At some point in your life, you’ve probably sat in front of your computer staring blankly at the screen hoping against hope to find inspiration. Instead of putting your fate in the idea that inspiration will find you, we’ve put together a list of dos and don’ts to help guide you through the design process; from finding inspiration to testing your designs with users.

Do: Start with pen and paper to create your vision. In the past, we’ve talked about failing fast, and there is no faster way to fail then by drawing out your designs. The goal is to quickly get your ideas on paper to use them as a guide for when you move to your computer.

Don’t: Strive for the perfect sketch. The exercise of sketching is to help you save time. My rudimentary sketches take no time at all to draw, and they allow me to fail my way towards the right idea.

You can even set it up as a challenge. Put five minutes on the clock and see how many new ideas you can come up with, once the time is up, continue to develop your favorite sketches.

Do: Find inspiration online. The internet is filled with talented designers. Sometimes it can be helpful to look at other’s work to see if you can draw inspiration from it. This tactic can also be a useful way to stay current with design trends.

Don’t: Steal the work of other designers. This should be obvious, but stealing people’s work isn’t only uncool, it is illegal. If you find a designer’s work that you HAVE to have, contact the artist to see if they are available to create a unique design for you.

Do: Test out new tools. If you solely use Photoshop to create your designs, it is time to branch out. Instead of creating a still image, consider bringing your work to life with Adobe Premiere.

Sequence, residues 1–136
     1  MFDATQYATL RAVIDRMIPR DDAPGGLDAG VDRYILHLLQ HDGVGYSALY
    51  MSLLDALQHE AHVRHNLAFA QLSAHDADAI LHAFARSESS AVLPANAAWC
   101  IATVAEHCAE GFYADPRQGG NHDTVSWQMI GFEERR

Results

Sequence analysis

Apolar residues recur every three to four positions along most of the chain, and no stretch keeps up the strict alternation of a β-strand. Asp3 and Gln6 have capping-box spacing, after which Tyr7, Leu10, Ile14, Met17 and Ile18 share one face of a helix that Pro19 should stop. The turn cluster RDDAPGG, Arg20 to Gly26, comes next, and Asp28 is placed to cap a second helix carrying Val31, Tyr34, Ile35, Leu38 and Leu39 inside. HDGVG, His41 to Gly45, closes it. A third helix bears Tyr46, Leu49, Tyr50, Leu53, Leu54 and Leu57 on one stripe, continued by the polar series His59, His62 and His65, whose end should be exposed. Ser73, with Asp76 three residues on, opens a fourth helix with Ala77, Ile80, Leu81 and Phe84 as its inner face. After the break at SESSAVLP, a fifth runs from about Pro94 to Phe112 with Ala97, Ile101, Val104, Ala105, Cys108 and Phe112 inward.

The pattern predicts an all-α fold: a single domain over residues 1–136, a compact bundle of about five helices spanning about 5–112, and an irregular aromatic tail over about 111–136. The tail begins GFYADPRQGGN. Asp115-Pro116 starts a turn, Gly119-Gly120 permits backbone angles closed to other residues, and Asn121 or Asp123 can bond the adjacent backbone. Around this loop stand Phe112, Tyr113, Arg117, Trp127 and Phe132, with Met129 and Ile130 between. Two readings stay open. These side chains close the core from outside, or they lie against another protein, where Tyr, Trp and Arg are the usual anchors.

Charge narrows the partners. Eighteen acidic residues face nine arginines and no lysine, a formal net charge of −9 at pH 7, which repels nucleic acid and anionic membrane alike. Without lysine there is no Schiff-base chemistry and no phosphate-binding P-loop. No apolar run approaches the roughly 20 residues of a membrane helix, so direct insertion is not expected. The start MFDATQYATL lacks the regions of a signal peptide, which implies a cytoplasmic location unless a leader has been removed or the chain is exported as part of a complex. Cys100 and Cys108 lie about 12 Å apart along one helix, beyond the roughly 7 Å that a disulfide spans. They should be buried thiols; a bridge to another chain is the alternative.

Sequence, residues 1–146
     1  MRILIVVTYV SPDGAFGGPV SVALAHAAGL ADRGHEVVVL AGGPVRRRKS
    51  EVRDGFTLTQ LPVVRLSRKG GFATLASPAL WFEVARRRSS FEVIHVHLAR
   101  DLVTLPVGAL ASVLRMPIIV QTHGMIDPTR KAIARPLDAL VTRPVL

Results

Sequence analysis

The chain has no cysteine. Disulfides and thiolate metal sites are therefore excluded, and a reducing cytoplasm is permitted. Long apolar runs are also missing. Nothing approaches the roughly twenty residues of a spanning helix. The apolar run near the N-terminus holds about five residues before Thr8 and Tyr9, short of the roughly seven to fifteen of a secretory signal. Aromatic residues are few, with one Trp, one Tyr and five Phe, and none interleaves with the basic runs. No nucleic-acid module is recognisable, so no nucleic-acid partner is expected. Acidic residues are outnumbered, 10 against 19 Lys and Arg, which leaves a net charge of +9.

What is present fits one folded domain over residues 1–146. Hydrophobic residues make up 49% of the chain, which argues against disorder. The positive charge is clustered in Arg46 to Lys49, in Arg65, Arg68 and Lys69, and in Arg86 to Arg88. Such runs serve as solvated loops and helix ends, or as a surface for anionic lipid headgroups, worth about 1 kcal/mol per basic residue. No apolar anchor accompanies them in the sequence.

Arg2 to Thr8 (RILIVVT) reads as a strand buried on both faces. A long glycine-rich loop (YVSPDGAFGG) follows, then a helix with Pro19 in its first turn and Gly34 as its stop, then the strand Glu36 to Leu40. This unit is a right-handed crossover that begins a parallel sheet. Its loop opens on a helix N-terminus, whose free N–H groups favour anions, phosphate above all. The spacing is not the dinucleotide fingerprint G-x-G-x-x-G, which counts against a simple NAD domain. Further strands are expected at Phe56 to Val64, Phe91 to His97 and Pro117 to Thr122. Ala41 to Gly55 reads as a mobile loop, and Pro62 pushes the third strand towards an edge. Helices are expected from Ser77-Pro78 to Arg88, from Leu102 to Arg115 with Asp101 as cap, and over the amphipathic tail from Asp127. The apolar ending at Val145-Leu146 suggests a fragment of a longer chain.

Don’t: Stick to the same-old, same-old. One trap that designers can fall into is designing the same work over and over again. Over time, your audience will lose interest. Push yourself outside of you designing comfort-zone. This will help grow your skills as a designer.

Do: Spend time off your computer. Designer’s block, just like writer’s block, can be a dull place to get stuck. When this happens, I like to close my computer to clear my mind. With distractions like Twitter out of the way, you can better focus on the task at hand.

Don’t: Design without purpose. What message are you trying to send with your work? Make sure it’s clear and easy to read. For example, if you’re creating a flyer for a concert, make sure to include the performer, location, and time. If people look at your work and can’t find this information, then it is not doing its job.

Do: Get right to the point. In any work you are sharing with the general public, keep the text short and sweet. Whether it is an infographic or press release, people’s eyes are drawn to short sections of text.

Don’t: Be the only one with eyes on your design. Getting ready to launch an ad campaign? Share your work with people from your target audience. Ask them what their main take away is from the graphic you created.

If your work can’t be shared with the public before it is released, then ask a co-worker who doesn’t work on the account. Gaining an outside opinion will help you know if the message you’re trying to convey is getting through to your audience.

Do: Be open to constructive criticism. If you are not happy with your test subjects’ takeaways, it’s time to take another look at the graphic you created. It can be easy to say that the test subjects are wrong, but nine times out of ten their confusion means there’s a flaw in the work.

Have any design tips you would like to share? We would love to hear them, let us know in the comments below or on Twitter @MoakGroup.

Happy Designing!

Rebecca McTear

Rebecca McTear

Digital Strategist at The Moak Group
Adapting to the latest technologies to stay one step ahead of competitors, Rebecca McTear handles the Digital Strategy at The Moak Group. Here she develops unique strategies to meet client goals, crafts content for social media, videos, and graphics and monitors metrics and analytics to make sure client goals are being reached.
Rebecca McTear